Millennials more likely to try robo-advice, says Angus Reid

Attitudes toward financial advisors, buying investment products online, and working with an advisor differ across generations

Millennials more likely to try robo-advice, says Angus Reid

Canadian financial advisors — except perhaps those who don’t go beyond investment services — have little reason to fear being replaced by robo-advisors. But as a new poll shows, they do have to consider the likelihood of losing one key demographic.

In a new study, the Angus Reid Institute looked into the attitudes and behaviours of Canadians, both millennials (those between the ages of 18 and 34) and older generations, divided into respondents aged 35-54 and those aged 55 and older, when it came to investing and financial advice.

Among all respondents with investments, the survey found that only 25% have already used or were willing to try using a robo-advisor. But that percentage more than doubled among millennials (51%), decreased among investors between 35 and 54 years old (23%), and plunged in the oldest group (9%). When it polled non-investors, the institute found roughly the same age pattern, with 46% of millennials saying they were definitely or likely to try using a robo-advisor, compared to 23% of those between 35 and 54, and 9% of those who were at least 55 years old.

When it came to purchasing investments, the majority of respondents (55%) said they purchase securities through a personal financial advisor, while one in five (22%) said they do so on their own and online. The tendency to purchase investments online was significantly higher among millennials (35%) compared to older generations (21% of those aged 35-54; 13% of those aged 55 and above).

Younger investors were also less likely to say they rely on a single financial advisor. Within that cohort, 20% said they weren’t working with any advisors, while another 19% said they had more than one providing them with guidance. In contrast, 45% of investors aged 35-54 and 53% of those in the oldest aged group said they have only one advisor providing them with advice and guidance.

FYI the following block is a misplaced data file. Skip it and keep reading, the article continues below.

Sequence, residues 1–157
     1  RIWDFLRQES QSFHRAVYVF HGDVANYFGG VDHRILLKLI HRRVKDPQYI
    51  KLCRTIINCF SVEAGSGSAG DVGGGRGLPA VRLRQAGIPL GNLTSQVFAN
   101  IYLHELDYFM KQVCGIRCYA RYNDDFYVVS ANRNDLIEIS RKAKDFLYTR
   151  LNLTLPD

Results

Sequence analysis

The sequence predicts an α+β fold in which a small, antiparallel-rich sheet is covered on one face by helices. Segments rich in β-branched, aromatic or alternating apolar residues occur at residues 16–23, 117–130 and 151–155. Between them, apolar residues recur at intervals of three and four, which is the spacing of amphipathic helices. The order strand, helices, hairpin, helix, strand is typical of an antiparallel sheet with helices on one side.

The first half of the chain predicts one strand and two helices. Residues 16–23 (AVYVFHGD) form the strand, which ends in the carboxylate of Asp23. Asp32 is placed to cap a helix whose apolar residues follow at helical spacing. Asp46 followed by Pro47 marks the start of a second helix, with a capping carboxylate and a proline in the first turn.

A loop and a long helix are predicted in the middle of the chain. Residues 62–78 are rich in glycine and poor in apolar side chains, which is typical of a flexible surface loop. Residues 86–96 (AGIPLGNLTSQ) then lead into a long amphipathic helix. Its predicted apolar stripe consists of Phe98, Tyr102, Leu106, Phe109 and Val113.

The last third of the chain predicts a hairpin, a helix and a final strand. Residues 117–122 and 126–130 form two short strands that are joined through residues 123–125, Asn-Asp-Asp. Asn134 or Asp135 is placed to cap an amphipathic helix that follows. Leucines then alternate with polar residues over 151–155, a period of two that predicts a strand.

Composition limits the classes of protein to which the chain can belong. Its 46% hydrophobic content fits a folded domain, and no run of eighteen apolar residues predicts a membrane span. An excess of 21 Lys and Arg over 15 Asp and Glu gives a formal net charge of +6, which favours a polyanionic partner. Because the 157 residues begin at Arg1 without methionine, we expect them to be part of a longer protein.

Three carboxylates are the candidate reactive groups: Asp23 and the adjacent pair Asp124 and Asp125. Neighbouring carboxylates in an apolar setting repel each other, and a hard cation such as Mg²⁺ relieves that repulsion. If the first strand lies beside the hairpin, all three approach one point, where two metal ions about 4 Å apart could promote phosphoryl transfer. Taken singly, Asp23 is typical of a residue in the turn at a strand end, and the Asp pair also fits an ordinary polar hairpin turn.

The institute also looked at clients’ levels of satisfaction with advisors. Among the investors who use at least one financial advisor, 67% said that the fees they pay are good value for the investment advice they receive. Around the same number 64% said they have a strong handle on the fees they pay and know exactly what they’re for. On the other hand, roughly one in four either don’t believe they’re getting good value from their fees (23%) or don’t have a strong grasp on their fees (27%).

The majority of investors with advisors also disagreed when asked if they aren’t getting enough attention for their individual financial and portfolio needs (61%) and if they didn’t trust their advisor to provide sound, unbiased advice (73%). Millennials tended to be more skeptical, however, with half saying they aren’t receiving the degree of attention they need.


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